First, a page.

“Family is a 24-7 reality check,” explains one of the parade of nightmare relatives. “This is one hell of a family,” says another. These two statements pretty much summarize the movie. And that’s the good news.
Family reunions on screen create immediate identification. We all know what it feels like to come home to our families of origin and discover how quickly those carefully-assembled grown-up personas disappear and those just-below-the-surface rivalries take over. That is why it is fun to see it happen to someone else. This set-up and a talented cast provide the engine that keeps this movie going even when the screenplay lags behind.
Martin Lawrence plays a therapist/author with a successful talk show. He is engaged to Bianca (Joy Bryant) the gorgeous and intensely competitive champion of the reality show “Survivor.” He brings her to meet his family on his first visit home in nine years, for his parents’ 50th anniversary celebration. Although his son Jamaal wanted to be with the family, R.J. had not planned to go – he sent a giant flat-panel TV instead. But Bianca points out that it would be great publicity to film it for his television show, showing the hometown boy made good, surrounding by adoring relatives.
He leaves L.A. called Dr. R.J. Stevens, on Bianca’s vegan diet, and wearing designer clothes. All of that is lost as soon as he arrives. At home, he’s plain old Roscoe Jenkins again. He is stuck with old clothes and some ugly too-small pants he bought at the airport after his suitcase disappeared. And those ribs his brother is grilling smell too good to resist. Soon his ideas about what he thought he wanted and what he thought he had begun to achieve are jettisoned as well, through a series of humiliations, moments of self-discovery, and other surprises.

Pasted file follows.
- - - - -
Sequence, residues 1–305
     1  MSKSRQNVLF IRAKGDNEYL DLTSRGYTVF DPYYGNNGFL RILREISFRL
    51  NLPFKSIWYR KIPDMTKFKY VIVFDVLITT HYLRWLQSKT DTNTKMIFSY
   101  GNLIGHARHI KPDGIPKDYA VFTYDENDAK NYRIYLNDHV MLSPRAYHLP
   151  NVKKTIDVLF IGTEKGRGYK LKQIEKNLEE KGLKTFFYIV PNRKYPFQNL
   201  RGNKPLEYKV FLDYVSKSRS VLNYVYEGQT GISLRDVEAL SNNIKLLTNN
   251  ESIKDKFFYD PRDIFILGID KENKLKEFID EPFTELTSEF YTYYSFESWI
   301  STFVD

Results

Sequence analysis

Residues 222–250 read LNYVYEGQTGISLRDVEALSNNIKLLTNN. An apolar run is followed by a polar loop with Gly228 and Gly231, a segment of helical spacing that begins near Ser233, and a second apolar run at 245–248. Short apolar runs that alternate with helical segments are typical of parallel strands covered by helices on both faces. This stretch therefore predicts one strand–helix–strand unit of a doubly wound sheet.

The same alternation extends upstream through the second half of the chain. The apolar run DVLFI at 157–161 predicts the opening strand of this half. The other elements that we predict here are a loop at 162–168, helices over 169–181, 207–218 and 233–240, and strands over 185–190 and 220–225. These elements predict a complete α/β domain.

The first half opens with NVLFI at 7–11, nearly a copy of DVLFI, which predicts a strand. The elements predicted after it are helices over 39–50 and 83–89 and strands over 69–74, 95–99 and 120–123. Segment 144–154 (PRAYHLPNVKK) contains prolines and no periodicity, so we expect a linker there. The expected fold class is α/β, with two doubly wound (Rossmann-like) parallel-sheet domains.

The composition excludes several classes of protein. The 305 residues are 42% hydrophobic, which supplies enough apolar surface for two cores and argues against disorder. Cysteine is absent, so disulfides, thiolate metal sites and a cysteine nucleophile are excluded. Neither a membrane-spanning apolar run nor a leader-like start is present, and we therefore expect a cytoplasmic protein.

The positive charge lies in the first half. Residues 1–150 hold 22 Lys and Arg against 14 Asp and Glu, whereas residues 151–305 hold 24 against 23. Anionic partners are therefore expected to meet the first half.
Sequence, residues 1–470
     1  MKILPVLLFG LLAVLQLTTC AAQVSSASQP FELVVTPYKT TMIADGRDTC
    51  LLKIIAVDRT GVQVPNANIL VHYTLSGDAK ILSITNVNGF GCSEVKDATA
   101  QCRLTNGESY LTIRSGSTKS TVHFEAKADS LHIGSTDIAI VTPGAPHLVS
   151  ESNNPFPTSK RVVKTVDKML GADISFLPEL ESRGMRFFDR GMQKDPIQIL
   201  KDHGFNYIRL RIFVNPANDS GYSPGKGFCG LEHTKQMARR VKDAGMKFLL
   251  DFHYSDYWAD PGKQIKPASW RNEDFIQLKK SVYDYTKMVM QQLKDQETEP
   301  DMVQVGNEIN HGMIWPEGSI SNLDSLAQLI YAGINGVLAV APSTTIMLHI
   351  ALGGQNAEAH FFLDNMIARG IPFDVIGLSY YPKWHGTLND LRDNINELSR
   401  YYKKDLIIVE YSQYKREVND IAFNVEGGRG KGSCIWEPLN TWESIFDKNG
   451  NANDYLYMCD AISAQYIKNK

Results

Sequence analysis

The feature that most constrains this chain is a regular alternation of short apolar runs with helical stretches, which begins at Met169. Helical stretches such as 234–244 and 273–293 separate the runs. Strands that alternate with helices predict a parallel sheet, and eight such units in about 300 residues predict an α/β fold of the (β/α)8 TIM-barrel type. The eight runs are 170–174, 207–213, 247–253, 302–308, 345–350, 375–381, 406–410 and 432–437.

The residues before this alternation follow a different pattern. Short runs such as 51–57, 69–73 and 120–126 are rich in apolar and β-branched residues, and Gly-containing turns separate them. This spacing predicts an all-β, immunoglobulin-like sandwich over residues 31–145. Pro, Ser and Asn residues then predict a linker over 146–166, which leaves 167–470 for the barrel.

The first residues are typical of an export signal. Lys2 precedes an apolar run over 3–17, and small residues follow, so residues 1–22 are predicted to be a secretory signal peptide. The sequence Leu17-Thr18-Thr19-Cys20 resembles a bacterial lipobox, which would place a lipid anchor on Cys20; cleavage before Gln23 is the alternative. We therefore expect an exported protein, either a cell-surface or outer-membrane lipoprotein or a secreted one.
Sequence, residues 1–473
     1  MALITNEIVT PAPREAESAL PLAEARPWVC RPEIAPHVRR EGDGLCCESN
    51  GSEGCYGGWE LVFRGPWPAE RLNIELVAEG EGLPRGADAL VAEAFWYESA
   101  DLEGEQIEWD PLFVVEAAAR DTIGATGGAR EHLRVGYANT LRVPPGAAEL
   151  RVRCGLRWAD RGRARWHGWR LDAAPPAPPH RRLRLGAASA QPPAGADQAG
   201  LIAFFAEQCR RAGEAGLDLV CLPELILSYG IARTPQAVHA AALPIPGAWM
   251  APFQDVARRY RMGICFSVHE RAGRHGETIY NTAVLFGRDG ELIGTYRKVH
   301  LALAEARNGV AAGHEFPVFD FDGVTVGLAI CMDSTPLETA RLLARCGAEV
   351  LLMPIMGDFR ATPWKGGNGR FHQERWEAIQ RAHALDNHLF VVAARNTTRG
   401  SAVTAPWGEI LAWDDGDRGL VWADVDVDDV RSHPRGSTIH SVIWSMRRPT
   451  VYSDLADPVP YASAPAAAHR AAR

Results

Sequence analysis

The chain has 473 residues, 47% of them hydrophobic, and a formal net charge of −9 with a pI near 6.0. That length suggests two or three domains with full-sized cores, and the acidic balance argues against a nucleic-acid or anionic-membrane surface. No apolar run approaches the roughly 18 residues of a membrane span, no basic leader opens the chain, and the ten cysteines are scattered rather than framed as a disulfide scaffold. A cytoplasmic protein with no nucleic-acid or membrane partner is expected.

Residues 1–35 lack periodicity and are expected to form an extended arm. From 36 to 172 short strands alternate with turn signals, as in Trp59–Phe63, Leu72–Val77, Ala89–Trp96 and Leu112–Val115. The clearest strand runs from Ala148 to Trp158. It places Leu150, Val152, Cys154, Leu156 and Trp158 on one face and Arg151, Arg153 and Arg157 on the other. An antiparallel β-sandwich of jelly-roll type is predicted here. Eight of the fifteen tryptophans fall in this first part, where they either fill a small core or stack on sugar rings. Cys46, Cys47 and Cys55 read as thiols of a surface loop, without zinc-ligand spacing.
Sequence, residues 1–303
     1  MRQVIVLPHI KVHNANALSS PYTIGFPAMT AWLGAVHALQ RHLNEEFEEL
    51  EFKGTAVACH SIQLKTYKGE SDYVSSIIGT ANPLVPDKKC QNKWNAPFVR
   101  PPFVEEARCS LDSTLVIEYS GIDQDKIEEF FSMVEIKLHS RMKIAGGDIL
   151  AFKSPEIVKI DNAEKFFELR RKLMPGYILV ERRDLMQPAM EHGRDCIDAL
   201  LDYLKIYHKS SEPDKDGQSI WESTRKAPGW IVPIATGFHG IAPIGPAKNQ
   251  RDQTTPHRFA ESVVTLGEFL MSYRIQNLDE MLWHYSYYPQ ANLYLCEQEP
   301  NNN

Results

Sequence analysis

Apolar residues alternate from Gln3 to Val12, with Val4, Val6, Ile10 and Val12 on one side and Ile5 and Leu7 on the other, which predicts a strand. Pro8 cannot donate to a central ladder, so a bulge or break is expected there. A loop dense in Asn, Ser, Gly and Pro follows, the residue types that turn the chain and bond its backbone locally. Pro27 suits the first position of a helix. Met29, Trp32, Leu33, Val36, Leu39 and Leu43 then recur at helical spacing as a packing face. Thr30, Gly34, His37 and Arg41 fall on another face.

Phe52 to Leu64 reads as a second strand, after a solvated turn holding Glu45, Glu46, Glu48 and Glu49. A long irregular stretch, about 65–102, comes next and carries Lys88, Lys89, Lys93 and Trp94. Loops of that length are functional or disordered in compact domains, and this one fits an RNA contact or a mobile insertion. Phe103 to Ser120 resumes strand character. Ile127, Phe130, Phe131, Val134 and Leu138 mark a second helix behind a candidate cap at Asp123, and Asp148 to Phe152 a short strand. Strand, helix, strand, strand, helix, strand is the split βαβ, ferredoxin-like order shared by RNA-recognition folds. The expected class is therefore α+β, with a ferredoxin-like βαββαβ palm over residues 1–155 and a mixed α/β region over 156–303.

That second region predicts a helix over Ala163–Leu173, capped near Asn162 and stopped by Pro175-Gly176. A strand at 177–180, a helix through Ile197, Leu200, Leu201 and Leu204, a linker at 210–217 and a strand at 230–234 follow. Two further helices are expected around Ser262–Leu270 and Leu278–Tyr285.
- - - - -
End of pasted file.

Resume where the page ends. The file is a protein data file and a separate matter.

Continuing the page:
That’s surprises for the characters; there are not many surprises for the audience. Writer-director Malcolm Lee (of the far-better “Roll Bounce” and “Undercover Brother”) trots out each member of the cast for a turn at making life difficult for Roscoe and Bianca. Mike Epps is Roscoe’s cousin who is always looking for an angle, a hand-out, or a short-cut. Mo’Nique is his sister with the big mouth and big appetites. Cedric the Entertainer is the cousin who used to beat Roscoe in everything except for that one time he lost the obstacle course race. Nicole Ari Parker is the sweet girl he left behind. James Earl Jones and Margaret Avery are the parents who provide stern but benignly loving commentary. And there’s also a very big dog who has taken an interest in Bianca’s little Fifi.
There are a lot of outrageous, raunchy, and insulting comments from caricatured family members, but, surprisingly, considering that most of them are played by stand-up comics, very few actual jokes. Lawrence can be funnier playing comedy offense rather than defense, but this movie does not give him much opportunity; he spends most of his screen time looking pained. The movie falters most when it tries to imitate Tyler Perry, who makes audiences happy with his mash-ups of crude humor, gentle romance, triumph over adversity, and the grace of God. His films work because they are anchored in the sincerity of his conviction. This synthetic and utterly predictable movie shows us once again that this indispensible quality cannot be faked.
Parents should know this film has a lot of very crude and raunchy humor, including explicit sexual references and situations (human and animal), light bondage, and references to a form of intimate topiary. Characters use strong and vulgar language. There is comic peril and violence, including hits to the crotch and getting slammed in the head with a line drive. Characters drink and there are references to drugs.
Families who see this movie should talk about why Roscoe did not want to go home and about stress that family expectations and history can create. And they might like to try some red velvet cake.
Families who enjoy this movie will also enjoy Madea’s Family Reunion and The Family Stone.